Since I’ve taught a course titled Urban Fantasy for the last few years, I’ve had to answer that question a lot. It’s not easy. What I mean by the term is fantasy grounded in a modern world. The terms “modern fantasy” and “contemporary fantasy” are hopelessly ambiguous as course titles. Contemporary American Novel, for example, would denote when the novels were written, not the settings or time periods therein. A course called Contemporary Fantasy could include T. H. White’s Once and Future King or Le Guin’s Earthsea books, even Tolkien for that matter.
To further complicate the issue are the various ways folks perceive the word “urban.” If you grew up in one of the “real cities” like New York or Chicago, like most Americans haven’t, urban doesn’t include suburbia or even, let’s say, Sean Stewart’s Houston in Perfect Circle. Sarah, an urban planner, uses the term urban in a variety of ways. People live in cities in a variety of ways, but most people live in cities. It all depends, I suppose, which axis, time or space, is being emphasized. American Gods is urban fantasy to me, though if cityscape is the requisite factor, clearly it’s not. It’s not urban enough, which I suspect is a term, like “black enough,” that is fraught with peril.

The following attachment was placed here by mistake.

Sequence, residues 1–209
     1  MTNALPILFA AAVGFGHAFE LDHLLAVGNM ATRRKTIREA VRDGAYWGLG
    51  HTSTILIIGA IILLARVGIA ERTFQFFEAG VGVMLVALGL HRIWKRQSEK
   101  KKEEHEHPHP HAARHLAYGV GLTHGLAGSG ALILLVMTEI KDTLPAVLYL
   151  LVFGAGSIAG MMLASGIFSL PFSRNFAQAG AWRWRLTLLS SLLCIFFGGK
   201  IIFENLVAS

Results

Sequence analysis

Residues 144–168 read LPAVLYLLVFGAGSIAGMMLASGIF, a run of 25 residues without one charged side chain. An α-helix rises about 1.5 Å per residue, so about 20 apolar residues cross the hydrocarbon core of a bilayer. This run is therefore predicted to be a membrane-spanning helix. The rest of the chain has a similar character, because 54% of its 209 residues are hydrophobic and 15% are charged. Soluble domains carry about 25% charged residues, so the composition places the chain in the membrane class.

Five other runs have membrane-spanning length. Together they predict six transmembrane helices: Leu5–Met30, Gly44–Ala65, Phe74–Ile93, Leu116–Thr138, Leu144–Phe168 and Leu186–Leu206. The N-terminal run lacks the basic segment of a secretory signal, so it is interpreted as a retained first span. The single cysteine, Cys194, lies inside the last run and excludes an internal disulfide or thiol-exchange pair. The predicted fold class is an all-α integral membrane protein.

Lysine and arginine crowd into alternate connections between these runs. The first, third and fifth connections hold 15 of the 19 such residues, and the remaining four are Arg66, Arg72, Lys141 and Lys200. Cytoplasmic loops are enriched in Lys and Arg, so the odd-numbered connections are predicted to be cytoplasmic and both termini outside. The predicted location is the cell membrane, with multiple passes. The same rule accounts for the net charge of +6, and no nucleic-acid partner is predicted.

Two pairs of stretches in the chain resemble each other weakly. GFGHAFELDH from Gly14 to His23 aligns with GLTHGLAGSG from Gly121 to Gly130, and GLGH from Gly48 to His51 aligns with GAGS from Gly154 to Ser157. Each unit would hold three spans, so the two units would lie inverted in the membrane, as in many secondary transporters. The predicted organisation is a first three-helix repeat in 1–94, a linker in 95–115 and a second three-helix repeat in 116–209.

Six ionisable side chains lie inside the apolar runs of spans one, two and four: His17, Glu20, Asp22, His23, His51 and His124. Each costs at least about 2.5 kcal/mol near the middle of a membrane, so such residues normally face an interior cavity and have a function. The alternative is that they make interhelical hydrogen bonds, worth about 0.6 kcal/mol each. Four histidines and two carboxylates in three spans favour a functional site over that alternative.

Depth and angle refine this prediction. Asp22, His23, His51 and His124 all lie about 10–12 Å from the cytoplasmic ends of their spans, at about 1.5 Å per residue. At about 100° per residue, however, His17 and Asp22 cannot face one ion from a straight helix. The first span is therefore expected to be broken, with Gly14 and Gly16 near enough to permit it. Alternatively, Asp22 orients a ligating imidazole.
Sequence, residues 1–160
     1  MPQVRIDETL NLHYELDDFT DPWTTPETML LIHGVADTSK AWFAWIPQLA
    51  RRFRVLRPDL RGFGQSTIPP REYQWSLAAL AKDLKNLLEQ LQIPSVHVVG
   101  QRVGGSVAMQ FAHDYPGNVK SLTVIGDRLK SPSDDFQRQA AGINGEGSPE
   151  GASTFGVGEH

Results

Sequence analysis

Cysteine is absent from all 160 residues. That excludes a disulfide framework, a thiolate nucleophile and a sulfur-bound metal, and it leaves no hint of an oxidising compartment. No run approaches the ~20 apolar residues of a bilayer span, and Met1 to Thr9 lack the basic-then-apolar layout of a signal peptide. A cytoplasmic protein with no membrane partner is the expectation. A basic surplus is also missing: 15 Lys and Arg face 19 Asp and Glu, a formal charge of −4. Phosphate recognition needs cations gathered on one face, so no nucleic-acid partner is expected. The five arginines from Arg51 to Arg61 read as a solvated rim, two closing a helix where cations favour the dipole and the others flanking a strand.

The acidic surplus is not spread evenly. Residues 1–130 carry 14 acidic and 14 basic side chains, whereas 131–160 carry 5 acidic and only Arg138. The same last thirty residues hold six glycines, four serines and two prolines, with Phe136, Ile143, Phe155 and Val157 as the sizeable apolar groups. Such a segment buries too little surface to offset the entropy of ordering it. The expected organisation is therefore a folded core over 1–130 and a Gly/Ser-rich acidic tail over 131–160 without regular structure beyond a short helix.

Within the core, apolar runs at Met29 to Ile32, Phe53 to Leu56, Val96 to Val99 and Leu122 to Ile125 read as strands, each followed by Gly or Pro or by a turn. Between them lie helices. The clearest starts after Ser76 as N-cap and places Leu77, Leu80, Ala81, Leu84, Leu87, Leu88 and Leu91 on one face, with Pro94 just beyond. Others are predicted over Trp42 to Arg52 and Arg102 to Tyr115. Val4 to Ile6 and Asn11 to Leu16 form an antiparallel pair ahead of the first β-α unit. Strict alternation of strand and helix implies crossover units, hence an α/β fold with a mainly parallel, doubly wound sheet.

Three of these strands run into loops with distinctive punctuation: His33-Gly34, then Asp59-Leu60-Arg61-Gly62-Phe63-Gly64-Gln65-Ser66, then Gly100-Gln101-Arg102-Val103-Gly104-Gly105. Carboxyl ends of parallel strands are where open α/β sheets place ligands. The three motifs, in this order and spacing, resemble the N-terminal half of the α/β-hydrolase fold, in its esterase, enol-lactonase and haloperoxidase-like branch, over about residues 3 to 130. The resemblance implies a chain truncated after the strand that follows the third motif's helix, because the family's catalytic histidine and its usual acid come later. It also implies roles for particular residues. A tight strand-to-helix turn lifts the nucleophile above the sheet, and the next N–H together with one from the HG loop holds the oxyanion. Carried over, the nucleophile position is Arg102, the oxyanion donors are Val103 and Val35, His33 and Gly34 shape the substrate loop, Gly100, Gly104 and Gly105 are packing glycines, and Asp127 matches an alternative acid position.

As for my own work, no matter what I myself label it, editors tell me I’m wrong. All this matters to me this morning because a story I felt embodied my own notion of urban fantasy was rejected for not being urban fantasy by a wonderful editor whose work I consistently admire. Urban fantasy? Don’t ask me, obviously. If anybody says “interstitial,” I’ll slug them. Anyway, if you come to the World Fantasy Convention in Saratoga Springs, you can decide for yourself. I’ll be reading the story, whatever it is, Friday, November 2nd at 5:30 pm.